In the event of a recall, the manufacturer notifies the public via the media and also interacts through the supply chain route with their merchandisers, retailers, etc. The communication channels between the major retailers and wholesale outlets are usually very well established. One can already see the notices that they have put up and the fact that the products were removed from the shelves almost immediately. It is the smaller shops such as general dealers, house shops and spaza shops that are more difficult to reach. Many wholesalers do communicate with their smaller customers via electronic media and that will also assist. Continue reading


Cape Town is still in the midst of the worst drought we have experienced in recent times. In order to successfully navigate the drought, the water supply system must not run out of water. This has required the City of Cape Town to implement various demand management measures to manage the water drawn down from the dams, and to add additional water to the system through the City’s water augmentation programme. At the same time, we must continuously assess the risk of uncontrolled and unknown variables, such as rainfall.

Regardless of rainfall or water supply augmentation, Cape Town needs to continue striving to reduce average daily consumption to 450 million litres a day (MLD). This must be done not only to stretch our supplies as far as possible, but also because the National Department of Water and Sanitation has imposed a 45% restriction on the City’s water use for the current hydrological year (1 November 2017 – 31 October 2018). If we do not adhere to this restriction, there is a chance that the National Department may impose even more stringent restrictions on Cape Town in November 2018.

Consumption over the past week averaged 516 MLD, with dam levels dropping 0.4% to 24%. The City needs to continue reducing consumption in line with Level 6B water restrictions if we are to avoid Day Zero.

Our latest Day Zero projections take into account the continuing drop in urban consumption over the past weeks, the Groenland water transfer, and the discontinuation of the agricultural releases for this hydrological year.

We are now also in a position to exercise greater control on the consumption side with the implementation of Level 6B restrictions, the increasing roll-out of pressure management across the City and the installation of water management devices to limit the consumption of high water users.

These interventions, along with the water savings efforts of our residents, have seen our consumption drop from an average of 1 200 MLD in 2015, to 900 MLD a year ago, to just over 500 MLD this year. This amounts to a reduction of 400 MLD in the past year. The increased roll-out of pressure management interventions alone has resulted in savings of 50 MLD over the past two months. Continue reading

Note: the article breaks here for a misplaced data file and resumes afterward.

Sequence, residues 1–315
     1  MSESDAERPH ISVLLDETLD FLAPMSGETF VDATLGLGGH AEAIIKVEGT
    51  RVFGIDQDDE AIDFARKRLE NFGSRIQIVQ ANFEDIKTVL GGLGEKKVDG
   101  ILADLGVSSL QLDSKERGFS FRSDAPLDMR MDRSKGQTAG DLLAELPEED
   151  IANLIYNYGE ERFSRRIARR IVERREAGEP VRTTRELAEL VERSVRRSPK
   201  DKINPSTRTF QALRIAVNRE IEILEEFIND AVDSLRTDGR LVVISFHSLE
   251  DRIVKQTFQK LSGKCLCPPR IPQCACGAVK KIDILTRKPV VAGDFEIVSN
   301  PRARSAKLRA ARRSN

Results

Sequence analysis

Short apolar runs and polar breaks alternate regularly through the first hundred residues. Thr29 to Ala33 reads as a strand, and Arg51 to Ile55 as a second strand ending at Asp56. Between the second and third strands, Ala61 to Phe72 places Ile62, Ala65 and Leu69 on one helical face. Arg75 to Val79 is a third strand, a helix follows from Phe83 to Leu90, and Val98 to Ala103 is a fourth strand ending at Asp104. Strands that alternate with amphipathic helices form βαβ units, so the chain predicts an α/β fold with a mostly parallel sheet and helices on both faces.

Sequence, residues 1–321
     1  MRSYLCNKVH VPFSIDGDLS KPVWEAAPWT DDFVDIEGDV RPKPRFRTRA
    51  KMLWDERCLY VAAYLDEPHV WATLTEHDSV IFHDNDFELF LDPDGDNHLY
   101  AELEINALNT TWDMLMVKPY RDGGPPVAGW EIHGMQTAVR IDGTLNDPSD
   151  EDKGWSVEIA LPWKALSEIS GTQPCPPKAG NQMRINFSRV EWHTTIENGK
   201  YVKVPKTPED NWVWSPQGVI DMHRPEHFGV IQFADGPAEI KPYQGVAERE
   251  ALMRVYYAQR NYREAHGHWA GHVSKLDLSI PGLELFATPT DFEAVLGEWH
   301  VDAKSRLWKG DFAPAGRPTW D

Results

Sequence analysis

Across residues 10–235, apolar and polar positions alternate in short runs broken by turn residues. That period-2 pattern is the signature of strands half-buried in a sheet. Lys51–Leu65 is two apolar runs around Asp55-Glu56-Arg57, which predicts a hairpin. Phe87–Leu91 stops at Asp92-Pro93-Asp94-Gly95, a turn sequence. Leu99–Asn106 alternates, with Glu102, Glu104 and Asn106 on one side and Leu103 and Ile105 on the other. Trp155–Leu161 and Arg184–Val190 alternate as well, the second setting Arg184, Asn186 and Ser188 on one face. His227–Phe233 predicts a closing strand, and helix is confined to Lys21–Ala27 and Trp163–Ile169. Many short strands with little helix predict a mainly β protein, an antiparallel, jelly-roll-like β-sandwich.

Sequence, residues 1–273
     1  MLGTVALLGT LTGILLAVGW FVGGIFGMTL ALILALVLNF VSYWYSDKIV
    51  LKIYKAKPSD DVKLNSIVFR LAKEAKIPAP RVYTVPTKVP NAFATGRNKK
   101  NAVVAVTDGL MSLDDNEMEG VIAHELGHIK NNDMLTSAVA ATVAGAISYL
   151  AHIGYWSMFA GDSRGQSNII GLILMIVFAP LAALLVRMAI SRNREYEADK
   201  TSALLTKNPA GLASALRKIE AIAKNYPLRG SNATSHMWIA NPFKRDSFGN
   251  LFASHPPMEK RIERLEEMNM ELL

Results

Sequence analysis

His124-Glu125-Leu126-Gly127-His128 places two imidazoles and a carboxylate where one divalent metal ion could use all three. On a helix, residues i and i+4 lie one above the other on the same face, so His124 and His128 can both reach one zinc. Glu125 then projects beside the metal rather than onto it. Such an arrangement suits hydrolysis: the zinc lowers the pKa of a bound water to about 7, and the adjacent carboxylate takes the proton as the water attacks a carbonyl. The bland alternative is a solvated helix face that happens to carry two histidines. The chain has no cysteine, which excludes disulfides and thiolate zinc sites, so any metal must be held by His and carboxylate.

27 February 2018

On Wednesday, 28 February, the Provincial Standing Committee on Transport and Public Works will hold its fourth public hearing in Hermanus, to discuss and debate the Administrative Adjudication of Road Traffic Offences (Aarto) Amendment Bill [B 38—2015].

The Administrative Adjudication of Road Traffic Offences Act of 1998 was implemented to ensure greater compliance with traffic laws and regulations by delegating the adjudication of traffic offences to an autonomous body. It has so far been piloted in the Tshwane and Johannesburg Metropolitan Municipalities.

The Amendment Bill, however, proposes a number of changes to the Act.

There will be opportunities for interviews and photographs.

Date:  Wednesday, 28 February 2018
Time:  17:00 – 19:00
Venue: Moffat Hall, Dahlia Street, Mount Pleasant, Hermanus

… with special guests Evita Bezuidenhout, Jenny Morris & Lizz Meiring.

The Darling Trust, a charitable organisation – founded by South African icon Pieter-Dirk Uys – is set to host a spectacular black tie dinner and auction that will take place at Evita se Perron in Darling on Friday, May 4 at 19:00.

The evening will be hosted by Evita Bezuidenhout with the dinner menu designed by one of South Africa’s most loved celebrity chefs – the Giggling Gourmet herself, Jenny Morris. An auction with once-in-a-lifetime lots will be the highlight of the night and live music by the acclaimed cabaret duo Godfrey Johnson and Nicholas McDiarmid will entertain guests throughout the dinner. Actress and comedian Lizz Meiring will be the event’s MC for the evening.

Says trustee and organiser Hentie van der Merwe: “This will be the first in what we hope becomes a bi-annual event, so we are all set to make this the benchmark by which all future auction dinners will be measured.

“I am super excited to have been invited to oversee the dinner menu,” says Morris, “and I am planning a sumptuous banquet, using all local produce from the area, that will delight and satisfy the guests’ appetites.”

Morris also plans to add a touch of humour to the menu and is already testing a dessert she calls ‘Zuma’s Mess’. Continue reading